• A variable resistor is used to convert a displacement to resistance/voltage.
• These give absolute position readings.
• The basic principle of operation is that a moving wiper (sensor input) moves a contact along a resistor. The ends of the resistor are connected to reference voltages. As the wiper moves the potentiometer acts as a voltage divider and produces a voltage proportional to position.
1.4.2 Linear Variable Differential Transformers (LVDT)
• This is effectively a transformer with a moving inner core. The moving core changes the inductance, and this can be converted to a position.
• In these devices there are three sets of windings. The first set of windings is in the center, and is powered by an AC source. The other two coils are at the opposite sides of the main coils. As the core is moved forward/back the magnetic coupling will change.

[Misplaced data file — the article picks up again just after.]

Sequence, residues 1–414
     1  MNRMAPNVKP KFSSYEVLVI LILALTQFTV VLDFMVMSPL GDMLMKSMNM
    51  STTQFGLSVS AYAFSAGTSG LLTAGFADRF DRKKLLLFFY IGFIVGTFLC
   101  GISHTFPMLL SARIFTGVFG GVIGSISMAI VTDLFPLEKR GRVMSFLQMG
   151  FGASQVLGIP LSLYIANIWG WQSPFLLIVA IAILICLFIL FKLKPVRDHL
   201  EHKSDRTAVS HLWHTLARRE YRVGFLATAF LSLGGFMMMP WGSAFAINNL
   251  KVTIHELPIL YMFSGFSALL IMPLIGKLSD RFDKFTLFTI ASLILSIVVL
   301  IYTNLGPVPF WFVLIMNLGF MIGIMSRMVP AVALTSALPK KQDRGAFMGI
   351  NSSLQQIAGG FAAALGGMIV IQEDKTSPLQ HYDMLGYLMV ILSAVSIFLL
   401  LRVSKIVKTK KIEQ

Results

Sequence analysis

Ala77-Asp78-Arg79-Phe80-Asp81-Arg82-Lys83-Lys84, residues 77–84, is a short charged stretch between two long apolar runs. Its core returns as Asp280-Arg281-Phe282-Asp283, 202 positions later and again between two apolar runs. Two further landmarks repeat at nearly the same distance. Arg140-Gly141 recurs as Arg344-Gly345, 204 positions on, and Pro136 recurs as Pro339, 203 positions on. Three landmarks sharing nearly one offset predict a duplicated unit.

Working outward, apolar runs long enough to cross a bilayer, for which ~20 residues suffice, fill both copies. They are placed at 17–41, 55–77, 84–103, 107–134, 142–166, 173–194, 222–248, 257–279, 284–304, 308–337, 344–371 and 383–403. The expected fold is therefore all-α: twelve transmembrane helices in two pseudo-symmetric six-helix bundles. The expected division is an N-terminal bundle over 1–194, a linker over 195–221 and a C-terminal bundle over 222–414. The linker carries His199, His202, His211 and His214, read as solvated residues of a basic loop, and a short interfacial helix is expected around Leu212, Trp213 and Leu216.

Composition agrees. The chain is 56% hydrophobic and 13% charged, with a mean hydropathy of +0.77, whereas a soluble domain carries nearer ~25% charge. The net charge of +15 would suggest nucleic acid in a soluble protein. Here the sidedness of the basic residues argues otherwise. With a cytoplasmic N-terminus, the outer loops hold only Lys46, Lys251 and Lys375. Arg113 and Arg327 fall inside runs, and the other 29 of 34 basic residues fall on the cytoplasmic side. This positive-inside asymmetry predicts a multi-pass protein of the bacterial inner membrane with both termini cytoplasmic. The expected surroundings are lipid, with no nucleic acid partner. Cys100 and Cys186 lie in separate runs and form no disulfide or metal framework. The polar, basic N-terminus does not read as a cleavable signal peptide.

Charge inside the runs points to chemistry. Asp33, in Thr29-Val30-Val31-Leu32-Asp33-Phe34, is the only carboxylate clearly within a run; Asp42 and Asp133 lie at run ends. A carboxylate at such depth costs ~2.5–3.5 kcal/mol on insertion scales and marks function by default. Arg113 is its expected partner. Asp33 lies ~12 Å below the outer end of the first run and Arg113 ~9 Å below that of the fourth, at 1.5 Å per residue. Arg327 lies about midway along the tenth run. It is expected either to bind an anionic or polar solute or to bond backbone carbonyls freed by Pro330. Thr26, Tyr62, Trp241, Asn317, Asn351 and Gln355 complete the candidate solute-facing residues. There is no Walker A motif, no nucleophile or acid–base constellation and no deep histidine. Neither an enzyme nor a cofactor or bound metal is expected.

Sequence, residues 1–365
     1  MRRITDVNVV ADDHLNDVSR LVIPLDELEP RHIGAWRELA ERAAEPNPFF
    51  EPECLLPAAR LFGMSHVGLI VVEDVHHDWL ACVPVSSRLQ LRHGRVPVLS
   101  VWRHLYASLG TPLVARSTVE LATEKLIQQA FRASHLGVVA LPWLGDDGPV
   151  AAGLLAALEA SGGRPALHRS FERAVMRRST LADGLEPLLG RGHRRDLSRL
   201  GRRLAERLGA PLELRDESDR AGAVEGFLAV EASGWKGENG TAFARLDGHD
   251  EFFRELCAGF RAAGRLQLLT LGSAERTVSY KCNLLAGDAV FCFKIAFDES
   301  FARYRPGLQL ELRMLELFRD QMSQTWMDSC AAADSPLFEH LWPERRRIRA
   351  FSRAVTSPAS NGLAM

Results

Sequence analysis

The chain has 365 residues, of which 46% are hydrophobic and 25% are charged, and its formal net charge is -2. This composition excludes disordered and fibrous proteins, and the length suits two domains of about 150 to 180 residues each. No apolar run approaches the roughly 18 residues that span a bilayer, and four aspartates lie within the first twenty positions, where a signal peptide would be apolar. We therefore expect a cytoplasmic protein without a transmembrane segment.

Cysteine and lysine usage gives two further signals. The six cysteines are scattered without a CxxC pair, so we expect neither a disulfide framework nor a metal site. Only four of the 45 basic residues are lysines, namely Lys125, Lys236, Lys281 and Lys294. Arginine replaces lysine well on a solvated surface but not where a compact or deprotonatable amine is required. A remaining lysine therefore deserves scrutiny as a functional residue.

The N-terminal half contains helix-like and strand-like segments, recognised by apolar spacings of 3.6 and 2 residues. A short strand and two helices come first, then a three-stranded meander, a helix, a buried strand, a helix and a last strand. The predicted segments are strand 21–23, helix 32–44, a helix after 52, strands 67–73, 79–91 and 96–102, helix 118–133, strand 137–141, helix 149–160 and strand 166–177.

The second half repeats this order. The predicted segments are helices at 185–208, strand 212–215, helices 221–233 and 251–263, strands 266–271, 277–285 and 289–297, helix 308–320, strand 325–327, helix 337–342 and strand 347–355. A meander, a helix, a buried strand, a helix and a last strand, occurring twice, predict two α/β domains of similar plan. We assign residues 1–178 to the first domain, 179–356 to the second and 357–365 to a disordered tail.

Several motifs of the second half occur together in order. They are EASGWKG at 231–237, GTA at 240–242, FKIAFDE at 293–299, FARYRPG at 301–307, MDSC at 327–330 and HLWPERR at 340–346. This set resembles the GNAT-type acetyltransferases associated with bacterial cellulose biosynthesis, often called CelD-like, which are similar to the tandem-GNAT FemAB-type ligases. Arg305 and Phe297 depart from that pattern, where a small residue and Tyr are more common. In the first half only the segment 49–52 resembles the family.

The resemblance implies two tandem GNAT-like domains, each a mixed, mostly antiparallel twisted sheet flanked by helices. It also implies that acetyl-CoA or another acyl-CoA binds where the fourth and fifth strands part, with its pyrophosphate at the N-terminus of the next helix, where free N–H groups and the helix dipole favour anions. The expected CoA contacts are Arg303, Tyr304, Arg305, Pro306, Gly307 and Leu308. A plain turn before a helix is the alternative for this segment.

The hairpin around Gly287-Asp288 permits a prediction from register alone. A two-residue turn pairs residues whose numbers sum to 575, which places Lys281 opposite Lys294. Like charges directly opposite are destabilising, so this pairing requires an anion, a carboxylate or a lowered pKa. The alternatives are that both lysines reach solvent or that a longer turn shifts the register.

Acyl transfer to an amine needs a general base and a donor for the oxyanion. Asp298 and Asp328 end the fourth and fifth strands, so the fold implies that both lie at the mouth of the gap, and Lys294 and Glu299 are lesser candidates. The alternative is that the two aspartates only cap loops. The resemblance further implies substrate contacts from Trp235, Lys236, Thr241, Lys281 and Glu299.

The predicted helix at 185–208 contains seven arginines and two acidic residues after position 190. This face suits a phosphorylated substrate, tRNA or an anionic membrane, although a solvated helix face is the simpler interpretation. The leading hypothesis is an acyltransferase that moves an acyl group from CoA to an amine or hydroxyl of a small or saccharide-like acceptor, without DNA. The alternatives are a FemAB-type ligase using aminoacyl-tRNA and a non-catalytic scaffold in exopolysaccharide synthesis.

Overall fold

• If the core shown is in the center, the output will be 0Vac, as it shifts to the left there will be more coupling between the center and left coil, and the signal magnitude will be larger than the right hand coil. This difference can be converted to a calculated difference.
• This sensor is used for linear position sensing to high accuracies such as,
- load cells
- bourdon tubes
- dimensional measurement for SPC
• The signals from the LVDT can be conditioned with the circuit below.
• Near the center of the movement range the voltage is linearly proportional to core movement.
1.4.3 Moire Fringes
• By overlapping two fine lines patterns we can measure displacement.
• These are used in high precision applications, and are not available as off the shelf sensors.
• Uses the fact that when light is 180 degrees out of phase it cancels out.
• By finding the phase between outgoing and returning light (from lasers typically) the distance can be found.